Making Sunshine on a Rainy Day

I have said many times in the course of my career that “Cameras never lie, but photographer’s are a bunch of lying bastards.”  Or words very much to that effect.  I don’t mean that you can never trust us in the general sense of things, more that what you see in the final image may well be a far cry from what happened on the day.  Never is this more prevalent than when shooting something out of season – say trying to make a cold, wet day in February in London look like it’s bathed in sunshine.

Scholl Finished Image
This shoot was an advertorial for Runner’s World and Scholl, to promote their gel insoles, the story being that they’re make your feet so comfy you can go on all day – work, rest, and play, that sort of thing.  Our subject for the day was the lovely Sarah, who works as an intensive care nurse, and is a keen runner, so shots of her out running, stretching to warm up/down, and shots of her “at work” are the order of the day.

It’s February, and we’re in Shoreditch, North London.  It’s fairly cold, and the forecast isn’t great.  For our outdoor running shots, we head down to Arnold Circus, a spot so popular with guys like us that we had to share the space with half a dozen people scouting the location for a feature film.  You can get an idea of how cold Sarah was between takes from this behind the scenes shot:

Scholl Behind the Scenes
The glamorous life of shooting on location in the UK in February

She was a trooper that one, and no mistake.  It’s bad enough being asked to run back and forth over the same spot time after time, making minute changes to your gait, pace and expression, but to have to do it in single figure temperatures, wearing very summery running gear requires a great deal of Scottish stoicism, which Sarah has in spades.  The beautiful sunlight you see flaring into the right hand side of this shot, is of course actually a flash head with some CTO gel on:

Scholl Finished Image - Sunshine added
I’ll admit it’s not a complete winter to summer transformation, but it does a good job, just don’t look too closely at the out of focus, bare trees in the background, eh.  Adding a CTO gel is an old, old trick, which I’ve used many times in the past – sometimes for a purely creative purpose, and sometimes, as in this case, to give a genuine warmer look to an otherwise cold scene.  Determining exposure in a shot like this can be quite tricky.  I need to:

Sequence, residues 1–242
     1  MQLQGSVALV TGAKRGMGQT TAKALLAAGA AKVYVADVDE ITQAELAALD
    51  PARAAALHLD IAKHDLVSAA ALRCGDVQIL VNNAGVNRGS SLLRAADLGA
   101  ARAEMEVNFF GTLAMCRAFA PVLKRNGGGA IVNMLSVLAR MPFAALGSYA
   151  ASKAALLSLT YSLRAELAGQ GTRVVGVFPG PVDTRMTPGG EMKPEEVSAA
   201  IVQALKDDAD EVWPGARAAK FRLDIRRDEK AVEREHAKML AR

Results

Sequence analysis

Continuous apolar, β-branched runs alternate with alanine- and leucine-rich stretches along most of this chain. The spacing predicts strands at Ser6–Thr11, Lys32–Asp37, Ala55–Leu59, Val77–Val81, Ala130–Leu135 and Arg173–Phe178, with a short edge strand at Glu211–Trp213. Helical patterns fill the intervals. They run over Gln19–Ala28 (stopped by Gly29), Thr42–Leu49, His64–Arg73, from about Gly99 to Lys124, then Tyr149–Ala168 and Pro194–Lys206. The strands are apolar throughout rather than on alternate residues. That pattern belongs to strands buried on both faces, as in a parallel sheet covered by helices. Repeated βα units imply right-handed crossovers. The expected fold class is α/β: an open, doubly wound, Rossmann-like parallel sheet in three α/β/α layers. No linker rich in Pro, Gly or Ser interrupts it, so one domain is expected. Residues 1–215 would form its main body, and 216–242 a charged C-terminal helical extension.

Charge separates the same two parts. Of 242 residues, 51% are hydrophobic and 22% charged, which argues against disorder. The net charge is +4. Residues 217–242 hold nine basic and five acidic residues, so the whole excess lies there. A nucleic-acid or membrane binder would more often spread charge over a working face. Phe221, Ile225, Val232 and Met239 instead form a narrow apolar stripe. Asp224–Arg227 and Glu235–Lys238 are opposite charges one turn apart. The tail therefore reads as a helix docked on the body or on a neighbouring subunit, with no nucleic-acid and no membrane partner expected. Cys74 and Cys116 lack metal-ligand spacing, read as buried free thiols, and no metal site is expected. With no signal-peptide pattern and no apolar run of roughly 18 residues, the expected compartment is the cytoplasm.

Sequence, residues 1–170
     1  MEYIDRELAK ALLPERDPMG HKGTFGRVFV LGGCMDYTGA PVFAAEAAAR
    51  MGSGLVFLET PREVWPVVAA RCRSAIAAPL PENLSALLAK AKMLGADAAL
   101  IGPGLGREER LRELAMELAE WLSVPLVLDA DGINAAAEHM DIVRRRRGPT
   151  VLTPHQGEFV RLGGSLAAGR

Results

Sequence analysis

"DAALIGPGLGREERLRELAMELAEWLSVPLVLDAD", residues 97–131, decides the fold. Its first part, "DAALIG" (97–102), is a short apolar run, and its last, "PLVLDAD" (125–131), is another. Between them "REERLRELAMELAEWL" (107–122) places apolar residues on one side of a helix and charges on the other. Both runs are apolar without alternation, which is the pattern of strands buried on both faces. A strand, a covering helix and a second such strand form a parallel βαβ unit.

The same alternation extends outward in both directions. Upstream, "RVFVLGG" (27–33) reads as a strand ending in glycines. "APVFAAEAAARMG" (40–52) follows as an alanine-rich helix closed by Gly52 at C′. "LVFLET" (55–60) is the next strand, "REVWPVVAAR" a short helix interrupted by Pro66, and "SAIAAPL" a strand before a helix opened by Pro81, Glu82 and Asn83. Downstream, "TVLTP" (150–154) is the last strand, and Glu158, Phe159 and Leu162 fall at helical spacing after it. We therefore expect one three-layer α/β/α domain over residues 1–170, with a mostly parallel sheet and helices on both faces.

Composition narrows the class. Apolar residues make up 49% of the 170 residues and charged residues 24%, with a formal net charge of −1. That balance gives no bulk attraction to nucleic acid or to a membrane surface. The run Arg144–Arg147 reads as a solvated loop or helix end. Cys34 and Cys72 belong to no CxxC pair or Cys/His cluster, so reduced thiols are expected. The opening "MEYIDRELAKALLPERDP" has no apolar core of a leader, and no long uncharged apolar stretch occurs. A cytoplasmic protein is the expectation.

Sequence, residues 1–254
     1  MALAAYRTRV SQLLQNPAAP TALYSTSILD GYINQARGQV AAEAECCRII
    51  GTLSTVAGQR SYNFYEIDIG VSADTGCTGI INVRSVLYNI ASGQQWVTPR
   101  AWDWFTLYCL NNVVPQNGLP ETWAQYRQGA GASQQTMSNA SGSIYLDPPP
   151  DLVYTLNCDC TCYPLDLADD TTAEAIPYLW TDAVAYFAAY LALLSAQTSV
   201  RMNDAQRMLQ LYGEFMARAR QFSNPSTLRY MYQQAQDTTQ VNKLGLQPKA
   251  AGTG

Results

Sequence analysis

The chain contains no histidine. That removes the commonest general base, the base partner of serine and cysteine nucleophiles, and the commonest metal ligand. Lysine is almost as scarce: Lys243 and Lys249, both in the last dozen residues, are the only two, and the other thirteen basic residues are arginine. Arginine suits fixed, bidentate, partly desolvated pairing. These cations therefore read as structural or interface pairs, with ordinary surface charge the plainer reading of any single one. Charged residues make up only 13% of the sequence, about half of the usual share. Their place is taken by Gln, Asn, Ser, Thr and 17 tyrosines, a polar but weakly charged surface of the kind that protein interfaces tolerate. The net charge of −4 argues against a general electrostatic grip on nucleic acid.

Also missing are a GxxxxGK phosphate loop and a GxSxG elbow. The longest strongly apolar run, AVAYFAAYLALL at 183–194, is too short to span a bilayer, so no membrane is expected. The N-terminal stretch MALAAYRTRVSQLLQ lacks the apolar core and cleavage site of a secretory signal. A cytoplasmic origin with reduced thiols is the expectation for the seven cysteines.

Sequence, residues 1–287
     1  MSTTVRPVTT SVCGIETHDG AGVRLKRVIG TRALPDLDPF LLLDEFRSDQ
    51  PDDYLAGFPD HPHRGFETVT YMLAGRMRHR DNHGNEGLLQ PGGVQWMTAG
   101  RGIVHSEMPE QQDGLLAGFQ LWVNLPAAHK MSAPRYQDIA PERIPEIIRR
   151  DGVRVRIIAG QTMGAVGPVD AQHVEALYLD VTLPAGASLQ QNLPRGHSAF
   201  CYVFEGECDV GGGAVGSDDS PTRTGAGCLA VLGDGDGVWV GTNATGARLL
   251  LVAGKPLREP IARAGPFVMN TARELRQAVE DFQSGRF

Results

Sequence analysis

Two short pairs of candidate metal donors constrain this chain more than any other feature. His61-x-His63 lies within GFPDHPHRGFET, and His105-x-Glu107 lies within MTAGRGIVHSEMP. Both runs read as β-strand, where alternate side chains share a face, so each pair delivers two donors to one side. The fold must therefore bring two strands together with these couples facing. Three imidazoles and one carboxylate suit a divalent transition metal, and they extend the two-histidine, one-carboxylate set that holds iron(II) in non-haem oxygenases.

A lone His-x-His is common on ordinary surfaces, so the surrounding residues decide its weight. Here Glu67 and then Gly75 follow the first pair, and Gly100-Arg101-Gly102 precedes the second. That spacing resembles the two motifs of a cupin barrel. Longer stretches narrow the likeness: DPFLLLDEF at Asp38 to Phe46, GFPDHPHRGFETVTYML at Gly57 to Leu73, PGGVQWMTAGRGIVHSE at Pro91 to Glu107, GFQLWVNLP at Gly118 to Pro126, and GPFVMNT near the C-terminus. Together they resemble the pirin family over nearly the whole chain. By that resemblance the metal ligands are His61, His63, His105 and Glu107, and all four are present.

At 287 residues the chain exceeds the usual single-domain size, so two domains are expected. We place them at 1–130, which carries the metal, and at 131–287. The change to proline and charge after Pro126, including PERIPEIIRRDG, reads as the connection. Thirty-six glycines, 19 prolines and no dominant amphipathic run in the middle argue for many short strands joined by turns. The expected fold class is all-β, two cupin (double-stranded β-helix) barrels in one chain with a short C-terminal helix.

• Freeze the motion of Sarah running
  • Not lose too much of the ambient, otherwise the environment not lit by the flash will get very dark and grim, rather than light and summery.

So it’s a case of striking a balance.  Historically I would have kept the shutter speed quite slow so as to keep some ambient light in, and then got Sarah to run through at a slower than usual pace to give me a chance to freeze her motion.  However, being the 21st century guy I am, I opted instead this time to go for some high speed sync, using what were then my new Pocket Wizard TT5’s, and a very wide aperture.  This was shot at 1/800s at F2 on my lovely 50mm f1.4.  The only real issue then becomes the very shallow depth of field it gives me – great for knocking the background out of focus, not so great for making sure I get Sarah sharp.  You may notice a leaf on the ground behind her lead foot – that’s my focusing mark, as I’m pre-focused on that spot, and simply fire when she gets to it, rather than trying to track focus with her.  Note to self – I am long overdue for writing a blog post about “trap focus”, a technique that I use all the time.  Must remedy this soon!

For the next shot we need a shot of Sarah stretching for her warm up/warm down, and the client wants this to be outdoors too.  Problem – it’s now raining.  Fairly heavily.  Plus of course, it’s February.  Ideally now we need to be somewhere outdoors, but sheltered, and better yet, somewhere within easy reach of the hire studio we’re using as our base and the venue for the 3rd shot.  The studio is 2 floors up, above Hackney Road, and accessed via metal walkways and stairs.  Not very pretty, but the best we can find – that’s not the greenest part of London, to be fair.